A typical Japanese garden contains several of the following elements, they can be real or just symbolic, here are a few pointers although you can watch a short video on Things To Know About Japanese Gardens by clicking here: : http://youtu.be/ExKZSfbQW7o
Elements: Water, an island, possibly a bridge to an island, a teahouse or kind of pavillion and a lantern usually made of stone- you will notice on the lantern picturs that I have posted that it has a a large ‘roof’- this is designed to catch and hold a ‘cap’ of snow. Stunningly beautiful as I am sure that you can imagine!
Styles of Japanese gardens fall into a number of areas:
1) Sitting gardens- for viewing from inside a building or a veranda.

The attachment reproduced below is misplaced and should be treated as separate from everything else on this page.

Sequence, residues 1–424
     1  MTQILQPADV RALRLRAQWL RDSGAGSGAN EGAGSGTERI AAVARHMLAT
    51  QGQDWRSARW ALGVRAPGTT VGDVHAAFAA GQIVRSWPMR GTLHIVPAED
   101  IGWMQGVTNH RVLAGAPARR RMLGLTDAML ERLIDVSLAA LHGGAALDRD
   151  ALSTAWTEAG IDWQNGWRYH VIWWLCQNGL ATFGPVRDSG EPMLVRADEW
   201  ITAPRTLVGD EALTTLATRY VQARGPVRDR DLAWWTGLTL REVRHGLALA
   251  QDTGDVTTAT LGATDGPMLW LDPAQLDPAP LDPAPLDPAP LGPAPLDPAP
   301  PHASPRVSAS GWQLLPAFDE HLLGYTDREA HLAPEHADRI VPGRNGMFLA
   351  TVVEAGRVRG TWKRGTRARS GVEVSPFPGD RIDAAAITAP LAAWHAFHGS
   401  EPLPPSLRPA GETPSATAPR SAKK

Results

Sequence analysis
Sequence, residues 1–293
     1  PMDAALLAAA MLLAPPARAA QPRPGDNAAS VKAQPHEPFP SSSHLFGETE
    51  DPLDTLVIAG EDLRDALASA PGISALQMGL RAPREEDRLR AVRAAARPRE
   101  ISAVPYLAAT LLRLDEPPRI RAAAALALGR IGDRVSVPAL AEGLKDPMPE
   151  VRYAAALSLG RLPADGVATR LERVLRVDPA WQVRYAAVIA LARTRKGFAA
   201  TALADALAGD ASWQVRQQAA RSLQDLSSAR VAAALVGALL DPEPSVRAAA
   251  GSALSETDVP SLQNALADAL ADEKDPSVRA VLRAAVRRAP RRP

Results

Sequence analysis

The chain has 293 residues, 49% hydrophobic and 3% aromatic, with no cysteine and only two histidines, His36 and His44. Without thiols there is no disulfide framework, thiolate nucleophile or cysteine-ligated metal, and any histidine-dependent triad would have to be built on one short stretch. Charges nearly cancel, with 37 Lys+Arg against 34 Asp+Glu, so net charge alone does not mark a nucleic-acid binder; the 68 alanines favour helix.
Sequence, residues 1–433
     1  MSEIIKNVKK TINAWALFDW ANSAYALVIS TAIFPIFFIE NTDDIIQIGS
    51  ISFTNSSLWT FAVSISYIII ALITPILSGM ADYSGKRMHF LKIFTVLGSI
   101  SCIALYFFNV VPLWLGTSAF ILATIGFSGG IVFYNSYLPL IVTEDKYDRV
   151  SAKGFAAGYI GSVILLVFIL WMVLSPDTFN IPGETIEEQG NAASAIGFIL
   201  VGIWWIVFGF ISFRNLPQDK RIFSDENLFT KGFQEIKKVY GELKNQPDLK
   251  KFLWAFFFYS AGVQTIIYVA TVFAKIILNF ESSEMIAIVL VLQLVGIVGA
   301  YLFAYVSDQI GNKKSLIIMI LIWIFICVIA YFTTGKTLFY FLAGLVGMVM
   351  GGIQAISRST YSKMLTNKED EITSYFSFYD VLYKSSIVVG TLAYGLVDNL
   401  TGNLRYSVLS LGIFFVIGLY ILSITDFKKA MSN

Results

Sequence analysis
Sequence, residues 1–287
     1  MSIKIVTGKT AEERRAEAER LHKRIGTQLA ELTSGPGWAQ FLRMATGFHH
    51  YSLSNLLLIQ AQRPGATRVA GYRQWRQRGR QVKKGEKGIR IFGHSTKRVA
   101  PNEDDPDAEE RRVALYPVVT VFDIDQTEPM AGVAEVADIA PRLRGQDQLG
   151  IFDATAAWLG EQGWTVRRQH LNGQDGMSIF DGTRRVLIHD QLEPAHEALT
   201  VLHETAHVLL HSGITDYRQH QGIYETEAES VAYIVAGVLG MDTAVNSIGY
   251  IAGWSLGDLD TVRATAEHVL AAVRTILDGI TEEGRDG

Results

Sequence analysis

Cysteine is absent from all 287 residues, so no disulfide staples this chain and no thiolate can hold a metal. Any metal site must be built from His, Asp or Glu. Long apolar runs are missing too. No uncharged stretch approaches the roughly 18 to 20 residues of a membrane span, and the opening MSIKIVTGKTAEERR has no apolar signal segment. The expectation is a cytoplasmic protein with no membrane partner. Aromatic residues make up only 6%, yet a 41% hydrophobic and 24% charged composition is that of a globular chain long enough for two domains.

2) Pond gardens- ideally for viewing from a boat.
3) Tea gardens-these are viewed from a path which always leads to a kind of ceremonial tea hut.
4) Strolling gardens-distinctly unique and often breathtakingly beautiful, the idea is that you view them from a path which circumnavigates the entire garden design and structure.
Most Japanese gardens in the West , as well as within Japan, are ‘dry’ or ‘rock’ gardens known as ‘Karesansui’ . Tea gardens-are often designed to follow the tradition and history of the Tea masters- they are often highly refined gardens refelecting rural simplicity.
Japanese gardens in a traditional style can be found all over the world in private residences, parks, Buddhist temples or Shinto shrines. Many historical landmarks such as castles can be host to Japanese gardens too.
I have put together a short informative video on ’40 Things To Know About Japanese Gardens’
Take a look :
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